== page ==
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Scheuring István | Fellow Senior
2009-09-01 - 2010-01-31 | Research area: Cognition and Sociality
Social Noise and the Evolution of Human Cooperation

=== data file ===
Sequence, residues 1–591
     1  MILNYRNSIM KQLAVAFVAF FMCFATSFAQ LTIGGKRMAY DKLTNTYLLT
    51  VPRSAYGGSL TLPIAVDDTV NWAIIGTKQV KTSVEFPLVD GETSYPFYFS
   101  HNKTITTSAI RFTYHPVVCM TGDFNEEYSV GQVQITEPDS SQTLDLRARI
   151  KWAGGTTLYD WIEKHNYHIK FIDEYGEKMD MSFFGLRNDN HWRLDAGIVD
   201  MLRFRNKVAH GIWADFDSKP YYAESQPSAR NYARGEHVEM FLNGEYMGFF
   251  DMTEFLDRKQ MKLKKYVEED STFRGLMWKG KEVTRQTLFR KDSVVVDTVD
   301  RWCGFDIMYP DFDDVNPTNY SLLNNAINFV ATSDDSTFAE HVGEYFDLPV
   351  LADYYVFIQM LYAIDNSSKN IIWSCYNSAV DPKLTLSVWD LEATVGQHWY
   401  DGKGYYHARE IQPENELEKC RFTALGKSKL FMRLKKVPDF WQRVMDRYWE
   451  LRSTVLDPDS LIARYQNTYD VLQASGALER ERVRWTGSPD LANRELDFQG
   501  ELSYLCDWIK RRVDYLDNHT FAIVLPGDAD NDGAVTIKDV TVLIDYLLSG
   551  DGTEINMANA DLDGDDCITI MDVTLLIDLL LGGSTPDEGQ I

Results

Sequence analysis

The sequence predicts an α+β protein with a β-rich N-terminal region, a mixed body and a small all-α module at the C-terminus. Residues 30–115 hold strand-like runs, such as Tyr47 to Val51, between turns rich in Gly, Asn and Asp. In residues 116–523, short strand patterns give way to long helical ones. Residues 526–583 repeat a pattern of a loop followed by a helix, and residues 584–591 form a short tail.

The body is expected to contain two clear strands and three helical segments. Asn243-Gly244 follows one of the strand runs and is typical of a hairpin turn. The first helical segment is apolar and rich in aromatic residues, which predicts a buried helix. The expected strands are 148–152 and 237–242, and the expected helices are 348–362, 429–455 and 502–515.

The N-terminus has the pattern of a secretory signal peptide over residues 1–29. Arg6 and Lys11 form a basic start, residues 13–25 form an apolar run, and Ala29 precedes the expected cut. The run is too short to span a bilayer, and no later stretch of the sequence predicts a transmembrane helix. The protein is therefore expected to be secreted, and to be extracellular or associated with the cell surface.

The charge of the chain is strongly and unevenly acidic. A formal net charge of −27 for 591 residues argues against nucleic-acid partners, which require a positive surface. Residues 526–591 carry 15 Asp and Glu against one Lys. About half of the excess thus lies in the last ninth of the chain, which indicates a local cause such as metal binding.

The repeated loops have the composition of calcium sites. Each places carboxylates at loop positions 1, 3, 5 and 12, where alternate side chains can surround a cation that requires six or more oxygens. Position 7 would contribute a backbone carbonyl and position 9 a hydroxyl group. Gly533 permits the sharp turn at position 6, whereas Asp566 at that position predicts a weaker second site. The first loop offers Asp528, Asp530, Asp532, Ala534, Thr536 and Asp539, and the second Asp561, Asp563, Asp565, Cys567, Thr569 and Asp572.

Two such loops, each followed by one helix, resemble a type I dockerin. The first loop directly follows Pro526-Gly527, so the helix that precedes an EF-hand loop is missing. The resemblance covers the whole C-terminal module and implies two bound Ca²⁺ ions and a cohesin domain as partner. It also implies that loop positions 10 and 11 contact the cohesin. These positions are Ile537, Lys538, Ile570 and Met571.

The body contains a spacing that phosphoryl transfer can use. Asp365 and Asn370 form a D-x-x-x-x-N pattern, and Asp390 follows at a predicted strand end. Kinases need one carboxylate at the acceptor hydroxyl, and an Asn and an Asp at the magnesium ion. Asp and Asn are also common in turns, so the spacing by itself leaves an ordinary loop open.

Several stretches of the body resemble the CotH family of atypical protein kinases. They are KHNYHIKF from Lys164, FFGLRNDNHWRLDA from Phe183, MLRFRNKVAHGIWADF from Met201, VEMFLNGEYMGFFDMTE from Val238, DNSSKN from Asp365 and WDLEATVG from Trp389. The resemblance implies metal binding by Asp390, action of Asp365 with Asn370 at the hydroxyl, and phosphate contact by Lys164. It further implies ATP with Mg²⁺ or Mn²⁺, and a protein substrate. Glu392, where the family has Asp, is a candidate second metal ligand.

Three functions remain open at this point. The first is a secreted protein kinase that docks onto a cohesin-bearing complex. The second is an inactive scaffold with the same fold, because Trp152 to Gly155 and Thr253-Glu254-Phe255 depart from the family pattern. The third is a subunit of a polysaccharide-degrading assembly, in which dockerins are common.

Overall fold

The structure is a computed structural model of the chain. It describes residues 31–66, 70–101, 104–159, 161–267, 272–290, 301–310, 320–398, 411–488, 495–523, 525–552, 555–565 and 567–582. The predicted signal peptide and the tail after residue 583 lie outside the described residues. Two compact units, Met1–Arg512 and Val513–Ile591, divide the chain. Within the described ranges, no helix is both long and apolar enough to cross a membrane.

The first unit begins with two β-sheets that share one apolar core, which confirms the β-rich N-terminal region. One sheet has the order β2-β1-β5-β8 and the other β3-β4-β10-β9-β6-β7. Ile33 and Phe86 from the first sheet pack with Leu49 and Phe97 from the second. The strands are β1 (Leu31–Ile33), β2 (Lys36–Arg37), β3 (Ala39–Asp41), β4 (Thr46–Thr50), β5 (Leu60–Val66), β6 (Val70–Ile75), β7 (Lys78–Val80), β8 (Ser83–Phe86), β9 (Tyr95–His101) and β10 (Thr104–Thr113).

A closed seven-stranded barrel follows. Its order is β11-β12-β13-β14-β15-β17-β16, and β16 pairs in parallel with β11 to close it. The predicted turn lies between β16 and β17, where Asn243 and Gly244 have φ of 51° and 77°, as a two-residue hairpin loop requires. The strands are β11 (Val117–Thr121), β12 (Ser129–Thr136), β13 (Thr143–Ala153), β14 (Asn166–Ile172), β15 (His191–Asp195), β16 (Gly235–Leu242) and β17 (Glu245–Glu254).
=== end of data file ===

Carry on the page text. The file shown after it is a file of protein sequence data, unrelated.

Altruism and cooperation, which impregnate human behavior, are usually explained by either kin or group selection mechanisms or by direct and indirect reciprocity. Direct reciprocity can be explained by the existence of some memory device capable of storing previous actions or by limited dispersal. However, the evolutionary origin and stability of indirect reciprocity can be explained only when the actions are observed and classified by the members of society with the help of a social norm. Knowing the actual score (reputation) of a potential recipient (and of the donor) and the norm followed by the potential donor, she can decide whether its recipient is worth of donation or not. If freeriders are excluded effectively from the interaction by this norm, indirect reciprocity can be maintained. My project presents two problems connected with the evolution of cooperative social norms and the effectiveness of altruistic punishment based on strong reciprocity. Indirect reciprocity and systems of norms in general are based on information about the social status of the potential partner in the population. Most models assume that individuals are well informed about the reputation of their partners due to direct perception or reliable information transfer among individuals. Although different algorithms are applied for the information transfer in the theoretical papers, they have a common nature, viz.,they assume that communication is honest, and, hence, the information is reliable. Similarly, there is no incentive to cheat in the experimental settings. However, this is not sufficiently the case in the real world: in addition to information transfer, communication also enables manipulation, mainly by the social denigration of others. I am interested in the question whether reliable information transfer can co-evolve with a cooperative system of norms in a population structure characteristic of ancient humans. I use the general framework of the indirect reciprocity game, and I assume that individuals follow second-order norms and that cooperative or defective actions are classified as ´good´ or ´bad´ according to their norm. In this new model, the behavior of the potential receiver is estimated by the information from the observers of the previous action of the receiver. Is it possible that cultural selection maintains honest communication? If honest communication is possible, what are the main factors responsible for it? Are there polymorphisms in gossip rules in the evolutionary equilibrium? In the second part of the project I study how social and environmental circumstances impinge on the success of egalitarian and strong reciprocity strategies. It is generally accepted that humans follow ´strong reciprocity´ in social dilemmas, i.e., that they obey cooperative norms and (altruistically) punish its violators. The role of strong reciprocity in maintaining cooperation among unrelated human individuals is questioned by some recent experiments, which highlight that there is an alternative explanation for the punishment of norm violators. Social norms can be effective only if participants analyze situations correctly. Moreover, social norms maintain cooperation among unrelated individuals only if the information transfer among individuals is widespread and reliable. Thus we have the following hypotheses: If ´social noise´ is high in the population, it is much easier to evaluate individuals according to their income rather than their behavior, i.e., the egalitarian strategy is more effective than cooperative norms. To study this hypothesis, I work out a model that follows up on Fehr and Gachter´s (2002) experimental set-up studying these questions: Are there circumstances in which strong reciprocity is the winner of the selection, while in other cases the egalitarian motive is the better strategy? Does social noise alone determine the outcome of the selection, or are the costs and benefits of the games important as well?